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Letting the mask of responsibility slip

<p>Miami will continue its mask mandate into the spring semester, according to a recent email from the COVID Response Team.<br/></p>

Miami will continue its mask mandate into the spring semester, according to a recent email from the COVID Response Team.

Despite City Council's face covering ordinance and Miami University President Greg Crawford's presidential request, Oxford businesses are still reporting problems with customers not covering their faces indoors. 

Darian Bertrand, a front-end cashier at Walmart, said fewer and fewer people are wearing face coverings in the store. He estimated that roughly 25% of customers are refusing to cover their mouth and nose and that the percentage has been increasing. 

“I feel like people are just getting tired and don’t want to follow the rules,” Bertrand said. “The majority who were wearing masks are seeing the few who don’t wear masks and think it’s OK.” 

Bertrand cited the confusing company policy on face coverings as being part of the problem. Posted signage says masks are required, and greeters offer masks to any patron not already wearing one. However, customers are not ejected or reprimanded for not wearing a mask. 

After seeing videos of altercations as a result of workers asking customers to put on a mask, Bertrand said he was uncomfortable telling customers to cover their mouth and nose.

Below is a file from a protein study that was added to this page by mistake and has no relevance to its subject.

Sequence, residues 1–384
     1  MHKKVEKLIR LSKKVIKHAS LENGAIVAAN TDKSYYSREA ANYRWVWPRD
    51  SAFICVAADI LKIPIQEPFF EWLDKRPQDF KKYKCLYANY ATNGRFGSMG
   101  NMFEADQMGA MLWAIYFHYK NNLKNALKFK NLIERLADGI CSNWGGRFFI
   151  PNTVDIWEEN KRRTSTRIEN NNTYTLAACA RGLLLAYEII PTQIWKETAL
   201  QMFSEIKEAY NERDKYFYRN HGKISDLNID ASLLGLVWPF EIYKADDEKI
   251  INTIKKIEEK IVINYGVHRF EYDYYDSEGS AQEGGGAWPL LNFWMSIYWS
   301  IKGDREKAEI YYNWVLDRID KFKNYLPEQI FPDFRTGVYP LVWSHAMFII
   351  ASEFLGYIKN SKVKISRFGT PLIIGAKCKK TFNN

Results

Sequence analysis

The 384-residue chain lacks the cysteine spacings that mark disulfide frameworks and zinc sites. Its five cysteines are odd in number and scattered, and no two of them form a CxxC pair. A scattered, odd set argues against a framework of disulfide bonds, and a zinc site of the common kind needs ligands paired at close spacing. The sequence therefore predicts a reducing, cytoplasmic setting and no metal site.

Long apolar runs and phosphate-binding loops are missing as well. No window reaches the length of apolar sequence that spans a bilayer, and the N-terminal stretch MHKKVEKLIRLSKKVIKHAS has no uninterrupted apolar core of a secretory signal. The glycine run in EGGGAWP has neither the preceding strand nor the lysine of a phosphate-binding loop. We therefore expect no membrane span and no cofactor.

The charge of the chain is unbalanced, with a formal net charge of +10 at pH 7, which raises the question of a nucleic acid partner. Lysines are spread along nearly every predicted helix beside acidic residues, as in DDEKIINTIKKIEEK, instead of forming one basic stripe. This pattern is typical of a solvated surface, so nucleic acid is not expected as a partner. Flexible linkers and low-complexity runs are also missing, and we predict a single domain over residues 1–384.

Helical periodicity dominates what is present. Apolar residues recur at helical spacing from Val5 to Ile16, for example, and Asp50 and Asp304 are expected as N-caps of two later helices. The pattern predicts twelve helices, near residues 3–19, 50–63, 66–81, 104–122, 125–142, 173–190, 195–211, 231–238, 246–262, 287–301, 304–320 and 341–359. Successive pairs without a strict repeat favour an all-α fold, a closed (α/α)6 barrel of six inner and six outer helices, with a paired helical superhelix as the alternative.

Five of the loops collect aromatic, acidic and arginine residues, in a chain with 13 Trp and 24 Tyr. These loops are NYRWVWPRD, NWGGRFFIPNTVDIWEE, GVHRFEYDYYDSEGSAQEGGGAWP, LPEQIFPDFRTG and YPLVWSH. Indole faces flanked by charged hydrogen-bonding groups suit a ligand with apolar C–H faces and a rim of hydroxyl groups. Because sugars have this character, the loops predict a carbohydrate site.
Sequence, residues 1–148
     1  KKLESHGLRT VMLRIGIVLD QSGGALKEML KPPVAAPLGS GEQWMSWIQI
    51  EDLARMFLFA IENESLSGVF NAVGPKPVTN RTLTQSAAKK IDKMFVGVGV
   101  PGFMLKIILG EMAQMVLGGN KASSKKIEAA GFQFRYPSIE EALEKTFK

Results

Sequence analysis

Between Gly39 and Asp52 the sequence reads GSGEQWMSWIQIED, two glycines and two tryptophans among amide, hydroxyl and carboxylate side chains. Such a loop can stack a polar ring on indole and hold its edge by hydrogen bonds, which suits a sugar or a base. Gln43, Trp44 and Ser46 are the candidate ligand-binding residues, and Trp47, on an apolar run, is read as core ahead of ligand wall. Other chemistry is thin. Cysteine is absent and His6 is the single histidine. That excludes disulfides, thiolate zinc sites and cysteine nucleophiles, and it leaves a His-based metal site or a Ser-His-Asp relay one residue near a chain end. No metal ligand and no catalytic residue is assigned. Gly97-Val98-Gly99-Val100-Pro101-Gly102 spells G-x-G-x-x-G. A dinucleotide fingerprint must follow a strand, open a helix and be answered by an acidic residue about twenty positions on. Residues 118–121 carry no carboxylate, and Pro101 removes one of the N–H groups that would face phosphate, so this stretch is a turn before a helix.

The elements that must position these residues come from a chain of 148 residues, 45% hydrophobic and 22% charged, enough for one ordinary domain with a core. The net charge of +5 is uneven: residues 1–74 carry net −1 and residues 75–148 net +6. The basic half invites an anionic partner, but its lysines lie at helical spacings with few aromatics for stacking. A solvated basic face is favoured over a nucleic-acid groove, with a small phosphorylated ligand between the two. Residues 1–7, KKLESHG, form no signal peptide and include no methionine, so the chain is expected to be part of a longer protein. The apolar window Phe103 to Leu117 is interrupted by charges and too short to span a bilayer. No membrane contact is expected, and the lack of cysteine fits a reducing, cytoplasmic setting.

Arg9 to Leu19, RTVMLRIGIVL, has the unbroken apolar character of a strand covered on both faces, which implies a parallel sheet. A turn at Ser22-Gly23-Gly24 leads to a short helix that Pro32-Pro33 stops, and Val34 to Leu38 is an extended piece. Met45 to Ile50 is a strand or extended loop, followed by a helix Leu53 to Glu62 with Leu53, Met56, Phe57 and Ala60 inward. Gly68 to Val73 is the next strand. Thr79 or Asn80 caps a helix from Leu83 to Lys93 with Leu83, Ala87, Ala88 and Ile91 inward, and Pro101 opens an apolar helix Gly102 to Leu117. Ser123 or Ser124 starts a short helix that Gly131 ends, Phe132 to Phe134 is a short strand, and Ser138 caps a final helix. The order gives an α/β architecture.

“It’s like they don’t care about how we — about how anyone around them — feels,” Bertrand said. “I’ve seen people online just beat the shit out of people for asking them to wear a mask. It’s ridiculous. I’m paid $11 an hour not to get harassed and assaulted in Walmart.” 

Caitlyn Smith, a sales associate at CVS, also said she felt uncomfortable telling customers to put on a mask. Although she reported only 10% of customers (roughly one an hour) not wearing masks, she still said she considered it to be an issue.

“I personally don’t say anything because it’s confrontational,” Smith said. “I don’t want to get yelled at. I have been yelled at before when I tried.”

Both Smith and Kaitlyn Welch, a cashier at ACE Hardware, said the people not wearing masks tend to be older. 

“Usually they’re older, because then they say that they have a health condition, which you can’t really argue with them about,” Welch said. 

However, not all retail establishments are finding customers to be noncompliant. Madison Wilson, who works at MacCracken Market and King Cafe on Miami’s campus, said almost every customer is wearing a face covering. 

“As of recently, I haven’t really encountered anyone who wasn’t wearing a mask when I was checking them out or getting their food ready,” Wilson said. 

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Wilson explained that the university’s policies are very clear. 

“We are told that, if someone does come up to the register without a mask, we are allowed to turn them away,” Wilson said. 

If a student wasn’t wearing a mask, Wilson said she would feel comfortable turning them away from the register. 

“I feel like the students here are very understanding,” Wilson said. “For the most part, people are pretty compliant.”

Despite the easy enforcement on campus, the problem proliferates in the rest of Oxford. 

As fewer people comply with the mask covering ordinance in retail establishments, workers continue to feel mistreated. Without increased enforcement, Bertrand doesn’t see a resolution to the problem. 

“I feel powerless,” Bertand said. “It’s like they don’t care.”